I also feel very strongly that the same thing is happening with Stella. In "The Fall," I feel like I’m a better woman when I’m working as Stella, when I’m filming. I feel like she’s had a really positive impact on myself and my femininity and my sense of myself as a woman. There is a transference there. I do believe that. Where Meg is concerned, I’m not quite sure yet. I don’t know what kind of personal impact she’s had, except that she identifies as a mother and exudes that and exudes professionalism. She’s like an alpha woman and that’s interesting to play. I don’t feel like I project that in my life. Other people may tell you differently, I don’t know. [laughs] I feel like I’ve taken as much as I’ve given as well.
She’s a very strong female.
Yeah, and it’s very uncomfortable when she’s not the one running the show. You’ll find that she’ll do everything in her power to be the one running the show.
Is it different for you, as an actor, working on a network show than it is working on something like The Fall which exists outside of that system?
It’s completely different, and I understand the difference -- the bottom line and the amount that the machine that the networks are and have had to become over here in the States. There’s so much stuff that they’re pumping out and there’s so much money that’s going into it with so much at stake. Everybody is trying to save their networks and I get that. I get why there’s so much input. With "The Fall," there’s no input. The producers, the writer, and the executive producer are all off doing their own thing. Obviously that’s going to have a different impact on everybody.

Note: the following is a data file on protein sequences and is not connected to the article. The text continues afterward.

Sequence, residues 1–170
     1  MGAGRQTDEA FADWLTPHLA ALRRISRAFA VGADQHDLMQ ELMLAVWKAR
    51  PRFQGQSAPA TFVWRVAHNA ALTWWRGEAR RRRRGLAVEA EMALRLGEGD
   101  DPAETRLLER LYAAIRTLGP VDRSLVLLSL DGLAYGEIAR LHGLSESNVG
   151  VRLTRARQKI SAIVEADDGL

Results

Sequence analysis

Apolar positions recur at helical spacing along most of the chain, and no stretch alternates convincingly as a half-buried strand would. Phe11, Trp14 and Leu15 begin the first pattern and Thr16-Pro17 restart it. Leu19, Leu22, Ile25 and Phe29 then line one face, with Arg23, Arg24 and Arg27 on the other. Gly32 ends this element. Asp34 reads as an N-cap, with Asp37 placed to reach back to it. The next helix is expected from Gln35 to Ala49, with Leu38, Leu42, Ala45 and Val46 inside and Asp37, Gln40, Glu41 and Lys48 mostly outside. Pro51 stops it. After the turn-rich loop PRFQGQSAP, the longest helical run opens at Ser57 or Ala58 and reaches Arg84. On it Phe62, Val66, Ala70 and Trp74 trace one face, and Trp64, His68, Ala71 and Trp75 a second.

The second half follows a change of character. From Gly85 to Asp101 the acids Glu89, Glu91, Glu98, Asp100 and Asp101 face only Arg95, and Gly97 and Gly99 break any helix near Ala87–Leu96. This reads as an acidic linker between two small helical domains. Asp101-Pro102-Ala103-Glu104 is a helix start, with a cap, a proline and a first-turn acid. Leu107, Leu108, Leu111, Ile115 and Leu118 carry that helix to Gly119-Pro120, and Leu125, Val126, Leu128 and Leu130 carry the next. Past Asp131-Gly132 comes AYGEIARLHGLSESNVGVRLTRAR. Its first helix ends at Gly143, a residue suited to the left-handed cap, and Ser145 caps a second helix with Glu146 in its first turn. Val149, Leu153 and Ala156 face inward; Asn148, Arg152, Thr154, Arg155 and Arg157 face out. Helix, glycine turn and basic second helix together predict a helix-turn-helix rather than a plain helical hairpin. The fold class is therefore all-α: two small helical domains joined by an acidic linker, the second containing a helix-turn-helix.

Is that freeing or does that feel like more responsibility?
To be honest, it feels like it’s the way that it should be. But you have to earn those stripes, and certainly when a show becomes more successful there’s less input, from what I’ve heard. It happened with "The X-Files," but after they realized that what everyone was doing was working and they had a formula that was effective, they were involved less in it. It’s a necessary part of the process.
It certainly seems like things are shifting in that way with shows like "House of Cards" on Netflix.
Yeah, I think so. I think it’s a necessary shift, but there’s still some stuff that needs to be worked out in the process. It’s new. It would be a completely different way of doing things.
Have you had any interesting run-ins with any of the Fannibals (as the "Hannibal" fandom calls itself) yet?
I did Comic Con in 2013 for the twentieth anniversary of "The X-Files," so that’s where I ran into the Fannibals. It’s all good. It’s people showering love onto something and that’s a good thing.
What is it about doing television that you love?
I wouldn’t necessarily say that. It’s what has presented itself to me. I’ve got two young kids and a teenager, so if a great script had come my way that was a film and I felt like I could still simultaneously be an active parent, then I would have done that. But what has come my way that would fit into my life in a way that I see my life and my presence in it was in the form of television. It wasn’t a conscious decision. It’s just what has transpired, and it’s been good to me. It’s felt like exactly the kind of balance that I would like to have in my life. I’ve very grateful for that.
There have been talks of another "X-Files" movie or some type of revival of the show for years now. Is there a chance that’s ever going to happen?
I think there is a good chance, actually. I think that there are enough people in the right places that are interested enough in it to make it manifest. When that transpires is the question mark, but I think it will.
But you’d be open to being involved in something like that?
Yeah, and I’ve always said that. I’ve never said anything other than that, and so has David [Duchovny] and so has Chris [Carter].